The Smell of Donuts Still Makes Me Cry: A Tale of Environmentally Friendly Tears

       I am not normally prone to weeping.  I’ll sniffle occasionally at a Meryl Streep movie or an episode of Emergency Vets.  You might hear me choke up in an attempt to speak about a loved one at some ceremonious occasion.  But one does not generally find me in a crumpled ball surrounded by a flood of salty tears.  Until…I decided to buy a new car.

Inspired by my Seattle surroundings, I was seriously going green. I ate local.  I purchased recycled toilet paper, environmentally-friendly dishwashing, clothes-washing, face-cleansing, body-scrubbing, counter-cleaning products, and I started composting….everything, including the hair from my hairbrush. I flushed when necessary, forwent one shower each week on the minimal sweating days when I had no plans for any exceptionally close hugging.  Most of what I owned: clothes, furniture, electronics, had originally been, in their newness, in the hands of someone else. As I began to scan the larger contributors to my carbon footprint, I saw potential further eco-salvation in the purchase of an alternative car that relied not on Chevron but on the transformed substance from the discards of the local greasy spoon: Biodiesel.


Bud Light and I Take a Ride

And the judge bellows: “Mary Purdy, you are charged with ‘disturbing the peace’.  How do you plead?” A soft chirp is all I can muster. “Guilty”. 

Now, I have never been someone who has gotten into trouble nor did I have the desire for engaging in harmful mischievous activity in my youth.  I still suffer a twinge of guilt when reminded that, I, at 6 years old once covertly covered a large pile of dog poop with pebbles and then suggested to my afternoon playmate that jumping into the “pile of pebbles” would be a fun game for which she should definitely go first.

I was a “model student”- polite, courteous, never obsequious, but very respectful of others.  I managed to always have a bit of an angelic reputation and was voted “The nicest” in my grade.  Aside from that poop pebble aberration, I wasn’t really one to test the test the boundaries, and I soon came to realize that if I were to do something wrong, no one would ever suspect me.   I remember my freshman year, I had eaten an orange in the school library - a major no no but I was hungry.  Ms. McCormick, the fierce librarian, came scurrying around the corner, led by the obvious smell.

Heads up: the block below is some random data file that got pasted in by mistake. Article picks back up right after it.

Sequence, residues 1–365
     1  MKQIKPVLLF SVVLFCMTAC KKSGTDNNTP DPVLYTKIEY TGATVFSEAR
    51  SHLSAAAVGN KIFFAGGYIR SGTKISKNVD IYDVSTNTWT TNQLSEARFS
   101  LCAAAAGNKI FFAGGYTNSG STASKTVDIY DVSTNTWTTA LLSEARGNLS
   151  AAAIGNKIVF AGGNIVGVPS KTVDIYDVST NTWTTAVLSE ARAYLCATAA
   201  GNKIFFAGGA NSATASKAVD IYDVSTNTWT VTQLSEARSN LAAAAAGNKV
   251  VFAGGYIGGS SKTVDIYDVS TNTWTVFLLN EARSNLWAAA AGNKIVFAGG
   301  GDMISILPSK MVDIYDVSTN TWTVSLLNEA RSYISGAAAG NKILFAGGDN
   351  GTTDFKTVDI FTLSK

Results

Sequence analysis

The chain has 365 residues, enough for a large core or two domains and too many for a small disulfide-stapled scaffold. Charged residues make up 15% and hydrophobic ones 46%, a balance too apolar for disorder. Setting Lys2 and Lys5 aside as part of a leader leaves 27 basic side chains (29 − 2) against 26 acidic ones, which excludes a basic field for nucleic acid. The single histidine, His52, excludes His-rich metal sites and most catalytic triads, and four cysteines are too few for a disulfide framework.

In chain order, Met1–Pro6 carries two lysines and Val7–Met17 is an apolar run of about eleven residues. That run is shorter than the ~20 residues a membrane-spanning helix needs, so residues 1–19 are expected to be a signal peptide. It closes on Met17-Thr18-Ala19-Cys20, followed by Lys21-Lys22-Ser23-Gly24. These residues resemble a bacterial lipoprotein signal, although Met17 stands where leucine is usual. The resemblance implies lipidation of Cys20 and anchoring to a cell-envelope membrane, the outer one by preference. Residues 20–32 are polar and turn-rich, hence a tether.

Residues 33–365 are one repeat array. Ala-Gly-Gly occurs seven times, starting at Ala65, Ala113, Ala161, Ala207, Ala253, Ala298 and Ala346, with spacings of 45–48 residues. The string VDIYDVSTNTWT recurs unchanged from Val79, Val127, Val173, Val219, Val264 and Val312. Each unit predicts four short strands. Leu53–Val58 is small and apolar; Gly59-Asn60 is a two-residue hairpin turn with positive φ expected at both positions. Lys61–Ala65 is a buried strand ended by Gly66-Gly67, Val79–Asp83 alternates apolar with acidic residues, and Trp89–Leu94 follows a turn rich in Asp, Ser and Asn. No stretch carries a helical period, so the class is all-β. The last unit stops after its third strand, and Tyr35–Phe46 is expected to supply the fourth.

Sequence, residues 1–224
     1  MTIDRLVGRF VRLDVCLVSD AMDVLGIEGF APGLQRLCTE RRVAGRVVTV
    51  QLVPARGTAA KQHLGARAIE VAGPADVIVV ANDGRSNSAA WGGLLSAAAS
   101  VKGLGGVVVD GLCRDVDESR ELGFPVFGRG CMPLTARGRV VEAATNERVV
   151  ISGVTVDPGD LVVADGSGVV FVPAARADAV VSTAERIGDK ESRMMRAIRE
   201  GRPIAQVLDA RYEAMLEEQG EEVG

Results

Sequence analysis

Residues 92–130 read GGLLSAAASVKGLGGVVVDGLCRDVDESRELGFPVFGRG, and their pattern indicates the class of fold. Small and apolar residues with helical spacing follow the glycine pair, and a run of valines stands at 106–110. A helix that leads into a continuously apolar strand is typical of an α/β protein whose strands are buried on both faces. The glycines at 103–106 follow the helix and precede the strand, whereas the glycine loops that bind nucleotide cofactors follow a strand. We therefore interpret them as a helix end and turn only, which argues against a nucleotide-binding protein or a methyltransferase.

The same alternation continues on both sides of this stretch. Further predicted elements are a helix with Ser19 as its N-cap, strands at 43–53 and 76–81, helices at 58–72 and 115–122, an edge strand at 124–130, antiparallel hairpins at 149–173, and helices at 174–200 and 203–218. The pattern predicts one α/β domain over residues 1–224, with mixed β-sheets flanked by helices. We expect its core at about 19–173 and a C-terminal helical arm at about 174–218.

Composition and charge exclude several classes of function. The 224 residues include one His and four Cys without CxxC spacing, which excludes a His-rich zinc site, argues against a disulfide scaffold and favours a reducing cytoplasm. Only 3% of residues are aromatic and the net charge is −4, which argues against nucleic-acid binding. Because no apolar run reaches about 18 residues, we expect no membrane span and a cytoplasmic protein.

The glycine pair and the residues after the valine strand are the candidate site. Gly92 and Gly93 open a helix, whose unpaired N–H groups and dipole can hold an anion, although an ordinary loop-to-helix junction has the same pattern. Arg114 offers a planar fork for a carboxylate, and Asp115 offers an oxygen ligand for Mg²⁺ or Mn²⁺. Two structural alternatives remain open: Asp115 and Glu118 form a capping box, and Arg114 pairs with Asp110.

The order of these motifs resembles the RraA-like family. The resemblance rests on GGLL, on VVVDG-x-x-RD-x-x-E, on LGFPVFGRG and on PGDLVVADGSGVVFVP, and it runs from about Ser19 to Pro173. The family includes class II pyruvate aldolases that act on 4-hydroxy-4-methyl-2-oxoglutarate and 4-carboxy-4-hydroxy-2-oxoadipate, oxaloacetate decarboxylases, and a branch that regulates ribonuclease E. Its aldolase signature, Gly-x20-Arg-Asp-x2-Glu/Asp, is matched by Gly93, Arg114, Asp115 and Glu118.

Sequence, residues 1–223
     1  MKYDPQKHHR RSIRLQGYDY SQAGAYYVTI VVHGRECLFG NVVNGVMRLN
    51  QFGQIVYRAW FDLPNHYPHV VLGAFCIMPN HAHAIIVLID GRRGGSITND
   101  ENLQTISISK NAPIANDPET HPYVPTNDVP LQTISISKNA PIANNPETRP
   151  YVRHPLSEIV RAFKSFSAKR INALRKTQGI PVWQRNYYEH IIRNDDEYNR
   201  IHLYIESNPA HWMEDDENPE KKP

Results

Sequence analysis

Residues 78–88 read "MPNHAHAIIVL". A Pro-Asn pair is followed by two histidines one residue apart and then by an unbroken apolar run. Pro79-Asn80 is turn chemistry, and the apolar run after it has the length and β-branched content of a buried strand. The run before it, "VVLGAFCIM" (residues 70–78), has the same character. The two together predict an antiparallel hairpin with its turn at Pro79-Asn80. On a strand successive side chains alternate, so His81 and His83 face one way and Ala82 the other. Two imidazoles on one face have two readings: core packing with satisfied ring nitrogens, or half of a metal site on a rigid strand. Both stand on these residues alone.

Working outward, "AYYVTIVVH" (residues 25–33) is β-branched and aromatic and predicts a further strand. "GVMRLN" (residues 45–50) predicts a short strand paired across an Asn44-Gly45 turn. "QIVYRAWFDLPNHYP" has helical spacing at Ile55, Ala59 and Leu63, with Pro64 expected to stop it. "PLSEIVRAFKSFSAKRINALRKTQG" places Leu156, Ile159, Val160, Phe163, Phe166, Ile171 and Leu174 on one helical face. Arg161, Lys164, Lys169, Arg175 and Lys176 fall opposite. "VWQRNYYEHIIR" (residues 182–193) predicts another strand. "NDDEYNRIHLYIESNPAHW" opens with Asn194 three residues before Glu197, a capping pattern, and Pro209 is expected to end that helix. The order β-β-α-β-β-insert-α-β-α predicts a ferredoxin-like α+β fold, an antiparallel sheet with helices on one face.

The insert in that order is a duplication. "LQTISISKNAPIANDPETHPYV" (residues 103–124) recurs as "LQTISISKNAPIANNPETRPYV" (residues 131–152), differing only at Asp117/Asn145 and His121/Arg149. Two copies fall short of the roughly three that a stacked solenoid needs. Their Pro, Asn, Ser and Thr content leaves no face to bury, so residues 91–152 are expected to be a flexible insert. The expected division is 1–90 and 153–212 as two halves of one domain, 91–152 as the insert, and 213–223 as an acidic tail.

“Who is eating an orange in here?”  She shrieked. (At that point, the orange was in my stomach, the rind in the trash)  She looked around at the silent students.  Then she looked at me.
 “Well, I know it wasn’t YOU, Mary.”

Disturbing the peace.  There IS no peace in Panama City Florida during Spring Break. It is its own battleground of booze, bimbos and brawn.   Nature and all things natural seem to have packed their bags and left permanently. Everyone there is half drunk, half intelligent, half naked (even in 45 degree weather) and shouting obscenities to each other from car to car on the main drag and  interrupted only by the call and response “Woo!”  “Woo!”  And music blasts and blares out of every vehicle at every hour of the night.  There is no peace in Panama City.  None.